Moving forward, Fleet is confident in the program he is working to create, building off of the work of Brown. He said he is looking forward to expanding the team as soon as possible, waiting on the hiring process from Ithaca College administration. 

“They are in the search of hiring a new person to get on staff, so you know, when that happens, we’re gonna be in such a phenomenal spot, and we are set up for success moving forward,” Fleet said. 

Susan Bassett ’79, director of Intercollegiate Athletics and Campus Recreation, did not respond to a request for comment on the search.

McGennis said he values Fleet’s openness and ability to help create the best opportunities possible. 

“We bounce ideas off each other, and there’s just a sense of trust and equality there that helps us be the best we can,” McGennis said. 

First-year student tennis player Kendall Curley said she has had a strong experience with the strength and conditioning team thus far. 

“The grad students are always there to support, they are passionate and are very good at what they do,” Curley said. “Taylor Volmrich especially helped me — as well as the tennis team — during our first semester. They would guide us on how to properly do exercises, and push us to do our best.”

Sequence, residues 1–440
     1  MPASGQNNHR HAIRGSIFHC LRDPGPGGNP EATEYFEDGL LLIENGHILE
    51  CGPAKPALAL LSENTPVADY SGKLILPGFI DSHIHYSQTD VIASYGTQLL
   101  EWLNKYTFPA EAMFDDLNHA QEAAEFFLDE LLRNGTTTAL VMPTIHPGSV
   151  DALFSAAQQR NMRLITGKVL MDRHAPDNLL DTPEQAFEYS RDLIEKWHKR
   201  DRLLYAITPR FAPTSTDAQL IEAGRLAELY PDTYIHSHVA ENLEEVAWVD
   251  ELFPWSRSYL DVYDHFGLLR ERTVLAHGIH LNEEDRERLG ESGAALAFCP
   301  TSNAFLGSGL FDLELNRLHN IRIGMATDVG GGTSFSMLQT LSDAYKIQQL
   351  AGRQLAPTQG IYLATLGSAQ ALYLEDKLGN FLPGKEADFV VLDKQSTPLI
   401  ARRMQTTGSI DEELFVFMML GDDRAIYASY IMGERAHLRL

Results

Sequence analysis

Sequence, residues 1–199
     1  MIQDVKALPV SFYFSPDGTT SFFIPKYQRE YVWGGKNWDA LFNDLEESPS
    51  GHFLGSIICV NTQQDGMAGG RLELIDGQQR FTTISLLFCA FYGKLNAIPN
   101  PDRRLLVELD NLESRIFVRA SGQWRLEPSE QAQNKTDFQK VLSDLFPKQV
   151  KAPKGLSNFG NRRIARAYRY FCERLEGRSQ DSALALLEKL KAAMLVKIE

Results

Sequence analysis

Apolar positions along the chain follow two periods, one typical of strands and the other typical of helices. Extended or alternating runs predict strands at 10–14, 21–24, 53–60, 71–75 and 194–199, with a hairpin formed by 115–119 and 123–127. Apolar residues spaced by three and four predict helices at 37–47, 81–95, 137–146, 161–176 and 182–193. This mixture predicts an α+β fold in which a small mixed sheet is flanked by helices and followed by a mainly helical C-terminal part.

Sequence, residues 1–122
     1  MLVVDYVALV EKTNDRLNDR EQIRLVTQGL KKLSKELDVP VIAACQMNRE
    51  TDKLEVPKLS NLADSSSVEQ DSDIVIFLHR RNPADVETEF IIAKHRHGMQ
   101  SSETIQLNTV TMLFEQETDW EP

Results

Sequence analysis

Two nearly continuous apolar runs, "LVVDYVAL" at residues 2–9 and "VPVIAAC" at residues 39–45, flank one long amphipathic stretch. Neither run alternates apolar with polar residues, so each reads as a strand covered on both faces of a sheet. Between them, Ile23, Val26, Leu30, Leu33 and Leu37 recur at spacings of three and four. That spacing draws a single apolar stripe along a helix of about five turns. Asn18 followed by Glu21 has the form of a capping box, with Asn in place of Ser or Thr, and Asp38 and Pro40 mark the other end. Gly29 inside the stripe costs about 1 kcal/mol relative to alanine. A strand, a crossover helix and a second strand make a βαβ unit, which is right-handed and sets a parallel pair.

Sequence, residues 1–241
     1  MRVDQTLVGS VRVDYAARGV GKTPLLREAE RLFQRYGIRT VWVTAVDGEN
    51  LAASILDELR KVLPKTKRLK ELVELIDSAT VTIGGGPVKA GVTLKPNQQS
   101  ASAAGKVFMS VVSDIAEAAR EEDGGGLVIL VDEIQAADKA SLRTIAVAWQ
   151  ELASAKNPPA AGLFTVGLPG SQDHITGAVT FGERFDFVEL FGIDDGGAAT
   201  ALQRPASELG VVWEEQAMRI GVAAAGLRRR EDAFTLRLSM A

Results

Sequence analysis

Volmrich is a fifth-year athlete on the rowing team and has worked as an intern and a grad assistant in the strength and conditioning department. One challenge Volmrich identified throughout this transition process is making sure that the people in the weight room are really wanting to be there and wanting to help.

“For our grad assistants, half are mental performance concentration students,” Volmrich said. “They’re not strength and conditioning focused, and it’s a little bit unsure with their experiences, if they actually want to be there in the weight room. So I think working to make sure they can really get people that are wanting and prepared to go into the weight room is important.”

Volmrich said that highlighting the opportunities in the internship program could help aid the transition. Volmrich said that shining more light on the program will lead to more ready and able people to help out with the strength and conditioning staff.

“In the internship program, you’re getting a lot of trust, experience and guided learning to develop your skills,” Volmrich said. “I think that would make it a little bit easier to have more students on the ground.”

Sports Editor Billy Wood contributed reporting to this story.

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Grace Vanderveer
Grace Vanderveer, Co-Design Editor